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+ - DigitalGlobe Images it's newest Satellite launch->

Submitted by chromaexcursion
chromaexcursion (2047080) writes "DigitalGlobe recently launched it's newest satellite, which features 31cm resolution (just over 12 inches).
The images were taken from another DigitalGlobe satellite. A neat way of demonstrating what you can do when you own multiple satellites.
The new satellite has the highest resolution imaging capability of any civilian satellite.
There's a good video of the launch at the bottom of the page http://time.com/3120150/satell..."

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Comment: Re:In a nutshell: (Score 2) 239

by chromaexcursion (#47652801) Attached to: Patents That Kill
Not specifically a written law.
The practice started in Rome in the first couple centuries BC. Powerful men were granted license to exclusively produce something. Sometimes it was because they were doing something new. Sometimes because they owned the mine. Patent didn't mean new, just verified.
The meaning of words change over time.
As for the patent system, England did not invent it. Look to Italy.

Comment: Re:No towers in range? (Score 5, Interesting) 127

by chromaexcursion (#47610769) Attached to: T-Mobile Smartphones Outlast Competitors' Identical Models
When a phone has signal, the back channel includes information about neighboring cells. So, it knows where to look for the next back channel. Only a few frequencies to tune to. The problem starts when contact is lost. Phones use power looking for a signal. Re-tuning the receiver is not free.
They continuously tune over a series of frequencies looking for one. And keep cycling through them.
This bitter cycle of finding nothing uses up a phones battery very quickly. Before smart phones it was the single largest power user.
This is an OLD problem. It was well known in the industry in 1990.

I started writing software for cell phone companies in 1990. I learned more than I ever wanted to know about how cell phones work. Moved on to a different industry in 2000. Some things don't change. At least not quickly.

Comment: Re:Security by obscurity (Score 1) 112

Someone who has a problem with private code voted my initial post down to troll.
Interesting
What I was trying to point out is that private encryption can be much more secure than public.
obviously there needs to be oversight.
A carefully managed system with a private encryption system can be very safe, and far less costly than an open one. But it does mean you can't publish the code.
Given the recent heartbleed issue. How secure is open source?

Comment: Security by obscurity (Score -1, Troll) 112

A system that few know is far more secure than an open one.
Quit trying to find fault with those who legitimately desire security over openness. Not every close system is suspect.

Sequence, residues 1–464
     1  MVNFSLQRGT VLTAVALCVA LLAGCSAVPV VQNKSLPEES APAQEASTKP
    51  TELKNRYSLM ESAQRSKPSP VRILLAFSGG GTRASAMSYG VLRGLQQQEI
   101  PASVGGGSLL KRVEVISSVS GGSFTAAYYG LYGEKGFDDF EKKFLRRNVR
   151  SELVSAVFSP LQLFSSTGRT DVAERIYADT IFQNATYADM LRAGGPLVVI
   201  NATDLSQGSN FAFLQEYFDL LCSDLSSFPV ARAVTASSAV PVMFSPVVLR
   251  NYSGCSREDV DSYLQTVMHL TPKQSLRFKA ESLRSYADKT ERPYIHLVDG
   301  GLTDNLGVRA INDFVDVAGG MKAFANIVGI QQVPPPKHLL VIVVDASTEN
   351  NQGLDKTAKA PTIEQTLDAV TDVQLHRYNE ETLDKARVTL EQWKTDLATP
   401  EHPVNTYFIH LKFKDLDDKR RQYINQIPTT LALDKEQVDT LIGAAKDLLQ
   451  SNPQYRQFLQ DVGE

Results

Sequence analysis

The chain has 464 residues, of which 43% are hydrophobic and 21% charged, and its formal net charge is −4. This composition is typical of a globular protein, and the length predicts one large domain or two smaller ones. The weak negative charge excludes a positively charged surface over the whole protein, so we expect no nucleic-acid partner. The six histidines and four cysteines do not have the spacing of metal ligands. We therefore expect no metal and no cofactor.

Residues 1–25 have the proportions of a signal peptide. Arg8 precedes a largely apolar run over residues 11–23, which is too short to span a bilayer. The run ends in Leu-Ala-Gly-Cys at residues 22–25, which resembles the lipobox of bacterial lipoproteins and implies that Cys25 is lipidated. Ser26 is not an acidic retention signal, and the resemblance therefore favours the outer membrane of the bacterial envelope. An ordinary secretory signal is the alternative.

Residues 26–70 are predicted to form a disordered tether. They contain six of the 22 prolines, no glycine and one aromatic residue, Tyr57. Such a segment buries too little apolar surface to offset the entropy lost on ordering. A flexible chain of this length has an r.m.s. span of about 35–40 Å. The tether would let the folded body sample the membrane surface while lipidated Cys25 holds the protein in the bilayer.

The stupidest mickey mouse cypher will thwart some of the best hackers, if they don't know the algorithm.
For those that say the count must be open. How can a secret ballot be open? At some point you have NO control. You HAVE to trust someone. If you don't, go home.
Rigging elections is ancient, been done for thousands of years. Computers are just the new toy on the block.
It comes down to if the people that run the system want to game it they can. Actually it's easier to mess with paper ballots. Messing with software leaves a trail.

Comment: Energy Use? too short a time frame (Score 1) 710

I've been deliberately conserving my energy use. Adding insulation. Only using room air conditioners (Any one with central air needs to get a clue). For over 2 decades.
Not perfect, but trying to strike a balance. The AC runs less than a few weeks a year.
I'm not sure what this study is about. Probably someone is trying to game the system.

Comment: Re:It was bound to happen (Score 1) 163

For the guy that's done time. Most likely he has to admit he has.
For the average person caught in this, this isn't likely to make a big difference. They can't afford the costs of trying to have their records hidden. And for the most part, no one cares, beyond the obvious.
This is about RICH, WEALTHY, individuals who have been reasonably damned, and want to hide it.
Can't sue for slander in the US if it's true.
The EU seems to have a different opinion of past records.
Not that it really maters. The EU ban only applies to EU sites. Simple enough to proxy around to get the details. It only deters the casual browser.

It's a brave new world. Despite some country's laws, you don't have the right to be forgotten. Until every country enacts such laws, you're out.
There are other similar battles, will be interesting to see which island wins.

If you have to ask how much it is, you can't afford it.

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